Tuesday was primary day in Pennsylvania. As I stood at the electronic voting device I had one of those moments of realization that there was something seriously wrong with our two-party system.
I had to vote on two screens of items, the majority of which were selecting my party's candidates for various offices. In a large number of instances my party had no one to offer as a candidate. No one. Not even a chance for me to throw some support behind an inexperienced volunteer who might have views that vaguely overlap some of my own.
The error-checking software on the voting machine made me painfully aware of how few choices I was actually able to make. It kept telling me that I had not made some choices, and I kept re-checking my ballot to make sure that there was not some place on those two screens where I had missed an actual chance to say yes to someone's willingness to stand for public office. I had not missed anything.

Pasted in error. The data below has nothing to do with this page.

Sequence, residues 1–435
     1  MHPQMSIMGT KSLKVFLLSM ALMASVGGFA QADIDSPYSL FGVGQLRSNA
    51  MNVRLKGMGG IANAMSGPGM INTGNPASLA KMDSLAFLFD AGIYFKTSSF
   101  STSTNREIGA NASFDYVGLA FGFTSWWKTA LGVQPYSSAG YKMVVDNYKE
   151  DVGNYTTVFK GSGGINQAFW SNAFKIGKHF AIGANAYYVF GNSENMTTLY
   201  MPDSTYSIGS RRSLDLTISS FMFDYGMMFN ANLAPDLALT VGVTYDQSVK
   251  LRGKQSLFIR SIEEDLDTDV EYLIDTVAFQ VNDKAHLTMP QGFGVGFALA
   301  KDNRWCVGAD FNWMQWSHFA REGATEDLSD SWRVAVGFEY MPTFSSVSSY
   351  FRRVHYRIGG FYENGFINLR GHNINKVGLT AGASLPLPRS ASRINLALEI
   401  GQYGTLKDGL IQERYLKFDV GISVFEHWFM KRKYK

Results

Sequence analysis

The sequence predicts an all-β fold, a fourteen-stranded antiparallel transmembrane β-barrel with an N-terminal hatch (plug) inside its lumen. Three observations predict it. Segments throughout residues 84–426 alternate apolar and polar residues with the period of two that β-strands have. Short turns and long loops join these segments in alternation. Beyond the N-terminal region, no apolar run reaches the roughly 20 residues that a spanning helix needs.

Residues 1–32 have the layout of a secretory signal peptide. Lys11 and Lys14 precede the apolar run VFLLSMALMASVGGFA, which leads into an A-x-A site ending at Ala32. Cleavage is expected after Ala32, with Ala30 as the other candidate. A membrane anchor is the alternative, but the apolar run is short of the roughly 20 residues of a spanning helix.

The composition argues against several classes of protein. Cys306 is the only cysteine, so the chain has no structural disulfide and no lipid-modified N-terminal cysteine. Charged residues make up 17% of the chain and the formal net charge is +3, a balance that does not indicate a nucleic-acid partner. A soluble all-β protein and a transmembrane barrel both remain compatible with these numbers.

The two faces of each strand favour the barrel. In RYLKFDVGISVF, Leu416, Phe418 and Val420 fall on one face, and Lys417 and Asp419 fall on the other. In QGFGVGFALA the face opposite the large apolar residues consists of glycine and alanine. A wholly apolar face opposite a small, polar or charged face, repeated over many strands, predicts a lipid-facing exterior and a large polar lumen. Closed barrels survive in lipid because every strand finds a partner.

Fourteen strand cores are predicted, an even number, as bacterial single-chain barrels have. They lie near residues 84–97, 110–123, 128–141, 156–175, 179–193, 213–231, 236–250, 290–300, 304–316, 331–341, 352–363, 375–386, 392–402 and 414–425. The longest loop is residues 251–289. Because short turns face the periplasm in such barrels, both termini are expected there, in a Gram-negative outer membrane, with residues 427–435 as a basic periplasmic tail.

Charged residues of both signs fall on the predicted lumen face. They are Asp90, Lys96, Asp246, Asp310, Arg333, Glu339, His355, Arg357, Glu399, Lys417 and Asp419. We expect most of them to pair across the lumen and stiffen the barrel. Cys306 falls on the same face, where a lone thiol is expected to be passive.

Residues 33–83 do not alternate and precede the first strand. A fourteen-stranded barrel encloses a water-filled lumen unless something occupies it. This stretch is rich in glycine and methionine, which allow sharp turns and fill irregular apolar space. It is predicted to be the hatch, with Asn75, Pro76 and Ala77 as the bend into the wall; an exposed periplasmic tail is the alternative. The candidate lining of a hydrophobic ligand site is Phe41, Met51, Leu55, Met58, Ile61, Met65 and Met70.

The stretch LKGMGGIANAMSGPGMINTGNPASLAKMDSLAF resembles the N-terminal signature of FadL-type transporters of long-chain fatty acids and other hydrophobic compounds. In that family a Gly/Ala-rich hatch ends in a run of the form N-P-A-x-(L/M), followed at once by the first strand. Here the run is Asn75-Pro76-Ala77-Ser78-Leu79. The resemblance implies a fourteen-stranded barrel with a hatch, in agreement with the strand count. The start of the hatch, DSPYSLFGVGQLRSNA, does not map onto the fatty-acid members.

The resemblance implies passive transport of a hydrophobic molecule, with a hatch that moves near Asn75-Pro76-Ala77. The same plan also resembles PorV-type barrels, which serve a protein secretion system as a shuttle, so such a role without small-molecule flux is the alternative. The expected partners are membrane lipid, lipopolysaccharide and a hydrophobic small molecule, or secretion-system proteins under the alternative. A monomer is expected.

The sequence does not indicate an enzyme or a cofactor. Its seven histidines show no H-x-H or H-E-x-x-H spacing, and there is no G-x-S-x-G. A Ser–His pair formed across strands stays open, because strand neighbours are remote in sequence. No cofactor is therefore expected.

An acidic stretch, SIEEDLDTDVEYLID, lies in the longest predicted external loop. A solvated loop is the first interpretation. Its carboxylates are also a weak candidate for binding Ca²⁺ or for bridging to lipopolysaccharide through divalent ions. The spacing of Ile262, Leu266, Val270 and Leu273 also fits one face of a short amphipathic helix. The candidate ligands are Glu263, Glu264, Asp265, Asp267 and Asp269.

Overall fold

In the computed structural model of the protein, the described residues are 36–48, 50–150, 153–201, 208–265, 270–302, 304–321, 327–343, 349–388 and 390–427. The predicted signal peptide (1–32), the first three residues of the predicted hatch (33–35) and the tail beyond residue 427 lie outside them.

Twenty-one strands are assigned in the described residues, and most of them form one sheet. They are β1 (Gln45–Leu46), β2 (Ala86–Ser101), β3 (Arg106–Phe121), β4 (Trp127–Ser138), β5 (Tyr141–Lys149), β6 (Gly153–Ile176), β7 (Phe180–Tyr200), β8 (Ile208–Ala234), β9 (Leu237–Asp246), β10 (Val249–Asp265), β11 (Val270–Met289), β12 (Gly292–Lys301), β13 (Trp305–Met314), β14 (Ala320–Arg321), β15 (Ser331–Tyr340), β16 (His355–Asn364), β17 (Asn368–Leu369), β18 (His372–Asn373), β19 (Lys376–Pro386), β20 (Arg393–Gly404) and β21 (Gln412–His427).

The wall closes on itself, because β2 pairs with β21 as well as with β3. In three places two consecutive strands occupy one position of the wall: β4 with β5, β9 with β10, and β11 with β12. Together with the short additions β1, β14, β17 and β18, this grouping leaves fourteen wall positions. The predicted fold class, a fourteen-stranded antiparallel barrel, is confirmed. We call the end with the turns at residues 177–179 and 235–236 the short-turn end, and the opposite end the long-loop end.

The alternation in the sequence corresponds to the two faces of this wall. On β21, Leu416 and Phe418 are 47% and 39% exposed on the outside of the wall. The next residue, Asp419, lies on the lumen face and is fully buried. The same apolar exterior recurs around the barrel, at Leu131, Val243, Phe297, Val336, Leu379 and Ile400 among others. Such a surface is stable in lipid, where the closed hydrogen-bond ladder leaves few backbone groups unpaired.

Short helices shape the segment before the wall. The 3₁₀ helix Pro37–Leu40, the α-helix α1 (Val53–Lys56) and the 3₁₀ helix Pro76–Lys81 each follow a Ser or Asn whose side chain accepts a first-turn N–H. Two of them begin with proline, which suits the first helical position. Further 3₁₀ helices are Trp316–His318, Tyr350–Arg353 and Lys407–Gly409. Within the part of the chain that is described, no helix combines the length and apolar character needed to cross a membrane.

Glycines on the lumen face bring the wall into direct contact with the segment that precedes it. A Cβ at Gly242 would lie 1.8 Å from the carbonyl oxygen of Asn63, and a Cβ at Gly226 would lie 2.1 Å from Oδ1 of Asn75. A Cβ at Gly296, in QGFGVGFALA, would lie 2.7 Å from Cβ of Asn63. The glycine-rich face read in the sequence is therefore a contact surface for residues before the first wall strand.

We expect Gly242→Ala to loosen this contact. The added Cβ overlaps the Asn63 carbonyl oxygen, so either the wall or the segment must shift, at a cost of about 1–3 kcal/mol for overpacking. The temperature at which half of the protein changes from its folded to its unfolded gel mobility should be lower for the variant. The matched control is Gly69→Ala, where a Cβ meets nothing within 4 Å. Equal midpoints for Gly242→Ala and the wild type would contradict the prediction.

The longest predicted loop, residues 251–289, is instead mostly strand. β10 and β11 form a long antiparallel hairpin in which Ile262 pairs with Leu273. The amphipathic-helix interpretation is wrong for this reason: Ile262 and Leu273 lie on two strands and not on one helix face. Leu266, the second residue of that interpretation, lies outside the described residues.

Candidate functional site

The two-party system that produces mediocre choices for high offices apparently produces no choices at all for many local offices. It disempowers public participation.
And, speaking of disempowering, yesterday's VND print edition had a story ("The Old Switcheroo" by Jenni Easton) about a badly publicized change in a polling place over in Arnold. Westmoreland County met the minimal notice requirements by publicizing the change in legal notices in papers in Greensburg and Ligonier. And it appears they did not go any further, not even to inform the poll workers ahead of time.
The stuff Dimitri Vassilaros has been saying about the duopoly limiting our choices is starting to make sense to me. The "major" parties often don't even produce candidates, and get embarrassingly low voter turnouts for the candidates they do find. Why should those parties have special privileges when it comes to putting names on the official ballots?